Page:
In addition to the interim order, the Constitutional Court gave a limit of one month within which the parties must report back to the court the outcome of the out-of-court settlement. The parties were able to reach an out-of-court settlement on some issues, in particular that the local authorities should provide alternative accommodation to the squatters and that the squatters should leave within a reasonable time. When the parties returned to the court for determination on whether the council had a Grootboom compliance policy, the Court commended both parties for the ability to engage in constructive dialogue with positive outcomes. The court declined to go into Grootboom, but acknowledged that engagement in constructive dialogue is part of reasonableness. The Court further urged civil organisations to always seek to engage the government in dialogue.

Political Shift in United Nations Diplomacy

This is a particular area of concern, as there is a link between the non-realization of socio-economic rights and internal violence, unrest, extreme poverty, child labour, human trafficking, prostitution, mass illiteracy and unemployment, (Hogan, 2001). These are vices that keep human beings in a state of inhumanity and chronic depression. All responsible governments should be encouraged and supported to set up machinery to effectively realise socio-economic rights. I have shown above that the opposition of some countries to socio-economic rights, like Iran, China, Sudan, Somalia, Iraq and other Islamic and Asian countries has nothing substantial to do with Islam. This paper rejects the argument that Islamic teachings are incompatible with western-style human rights. I have shown earlier that most of these countries are not comfortable with the political attitude of the UN machineries, master-minded by the US and the UK. A system that treats some countries like Israel as untouchable, while Israel continues to violate the socio-economic rights of the Palestinians, cannot be embraced by the Islamic countries. In sum, to resolve these issues there is urgent need for a political shift in the attitude of both such countries and the United Nations and its machinery. The UN must, as a matter of urgency, embrace constructive engagement with the Islamic world and countries like China.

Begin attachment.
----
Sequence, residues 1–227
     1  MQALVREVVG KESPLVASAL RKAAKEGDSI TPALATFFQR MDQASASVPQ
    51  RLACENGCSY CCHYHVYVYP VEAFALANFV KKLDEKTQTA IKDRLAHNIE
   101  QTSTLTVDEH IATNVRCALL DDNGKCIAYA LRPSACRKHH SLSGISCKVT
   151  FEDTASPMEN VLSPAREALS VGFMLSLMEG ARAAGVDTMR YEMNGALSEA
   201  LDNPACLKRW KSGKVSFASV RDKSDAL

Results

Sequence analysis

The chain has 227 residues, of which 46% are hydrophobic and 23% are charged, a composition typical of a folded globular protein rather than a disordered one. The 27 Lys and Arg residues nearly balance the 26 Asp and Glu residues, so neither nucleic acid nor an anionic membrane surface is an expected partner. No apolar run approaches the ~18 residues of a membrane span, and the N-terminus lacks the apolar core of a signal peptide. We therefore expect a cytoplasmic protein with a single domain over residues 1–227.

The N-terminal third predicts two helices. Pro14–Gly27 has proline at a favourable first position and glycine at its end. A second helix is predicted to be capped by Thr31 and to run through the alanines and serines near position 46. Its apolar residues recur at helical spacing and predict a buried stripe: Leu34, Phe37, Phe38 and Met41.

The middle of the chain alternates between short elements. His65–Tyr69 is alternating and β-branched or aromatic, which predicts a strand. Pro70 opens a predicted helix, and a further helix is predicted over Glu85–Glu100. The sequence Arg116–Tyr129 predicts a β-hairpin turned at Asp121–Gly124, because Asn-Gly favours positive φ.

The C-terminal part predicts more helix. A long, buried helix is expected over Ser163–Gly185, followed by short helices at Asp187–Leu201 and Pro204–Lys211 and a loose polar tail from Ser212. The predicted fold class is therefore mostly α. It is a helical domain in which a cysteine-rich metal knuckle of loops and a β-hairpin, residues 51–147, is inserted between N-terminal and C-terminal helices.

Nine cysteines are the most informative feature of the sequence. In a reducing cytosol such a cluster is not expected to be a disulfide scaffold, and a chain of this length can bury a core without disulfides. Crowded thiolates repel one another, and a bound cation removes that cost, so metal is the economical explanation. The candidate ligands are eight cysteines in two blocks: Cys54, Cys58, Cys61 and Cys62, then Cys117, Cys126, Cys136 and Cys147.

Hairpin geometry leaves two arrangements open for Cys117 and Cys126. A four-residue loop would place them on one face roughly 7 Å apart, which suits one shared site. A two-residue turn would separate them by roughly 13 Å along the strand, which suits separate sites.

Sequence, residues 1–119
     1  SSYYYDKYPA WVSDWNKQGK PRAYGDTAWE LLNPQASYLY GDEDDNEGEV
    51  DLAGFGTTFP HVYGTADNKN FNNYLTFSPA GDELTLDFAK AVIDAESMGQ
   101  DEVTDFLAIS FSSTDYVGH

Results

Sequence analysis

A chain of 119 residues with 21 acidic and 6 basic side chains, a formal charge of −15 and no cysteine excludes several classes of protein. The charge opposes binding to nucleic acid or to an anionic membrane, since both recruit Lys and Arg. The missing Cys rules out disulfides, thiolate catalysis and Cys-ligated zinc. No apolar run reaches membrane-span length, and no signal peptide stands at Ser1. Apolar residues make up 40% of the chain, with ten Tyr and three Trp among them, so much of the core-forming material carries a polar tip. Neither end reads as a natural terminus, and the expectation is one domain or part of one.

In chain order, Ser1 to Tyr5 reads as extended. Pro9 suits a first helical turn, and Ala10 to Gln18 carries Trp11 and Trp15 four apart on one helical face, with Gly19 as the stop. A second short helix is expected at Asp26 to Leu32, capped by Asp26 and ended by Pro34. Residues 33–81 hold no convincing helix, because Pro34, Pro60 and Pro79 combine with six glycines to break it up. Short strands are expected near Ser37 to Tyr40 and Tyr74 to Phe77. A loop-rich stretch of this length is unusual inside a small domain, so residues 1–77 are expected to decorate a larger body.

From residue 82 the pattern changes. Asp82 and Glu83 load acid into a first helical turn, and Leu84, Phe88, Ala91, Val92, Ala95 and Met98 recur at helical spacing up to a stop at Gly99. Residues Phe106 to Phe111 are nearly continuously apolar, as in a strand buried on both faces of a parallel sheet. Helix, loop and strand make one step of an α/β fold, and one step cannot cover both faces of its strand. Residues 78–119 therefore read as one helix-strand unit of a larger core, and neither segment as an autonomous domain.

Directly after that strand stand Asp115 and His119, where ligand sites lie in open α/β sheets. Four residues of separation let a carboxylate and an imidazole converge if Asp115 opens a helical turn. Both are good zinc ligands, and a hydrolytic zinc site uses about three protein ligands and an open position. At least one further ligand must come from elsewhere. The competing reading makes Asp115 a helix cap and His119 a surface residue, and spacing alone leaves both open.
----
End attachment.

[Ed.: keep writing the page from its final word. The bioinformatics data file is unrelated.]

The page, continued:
In conclusion, this paper affirms the inherent dignity of every human being and asserts that the deprivation of socio-economic rights to the people amounts to deprivation of opportunities to fulfil their potentials. ‘In conditions of deprivation, human beings retain their dignity, but are deprived of the opportunity to live in dignity, to live in conditions that enable them to develop their capabilities, to participate as agents in the shaping of their society’, (Liebenberg, 2005 p.243). When people are deprived of the right to education, the right to housing, the right to health care and other socio-economic rights, they tend to lose hope about life, they become disillusioned, and in developing countries with weak institutional support to maintain law and order, it becomes easy for the army of unemployed youth to take to violence, extremism, war, and poverty. Other effects of deprivation of socio-economic rights include human trafficking, prostitution, illegal immigration and promotion of economic refugees. This accounts for rampant and continuous civil disorder, lawlessness, and extremism across many African and other states.

Overall, this paper has demonstrated that the proposals above are capable of removing some of the obstacles confronting the enjoyment of socio-economic rights, and has shown as well that improving the realization of socio-economic rights by the State Parties, the regional bodies, and the UN will produce a win-win outcome for everyone. The preambles to both the UN Charter and the ECHR have affirmed that non-realization of human-rights is a threat to international peace and security. On the other hand, a more effective realization of these rights will tremendously improve the quality of life of all, make the world healthier and less likely to be prone to conflicts, and safer for all.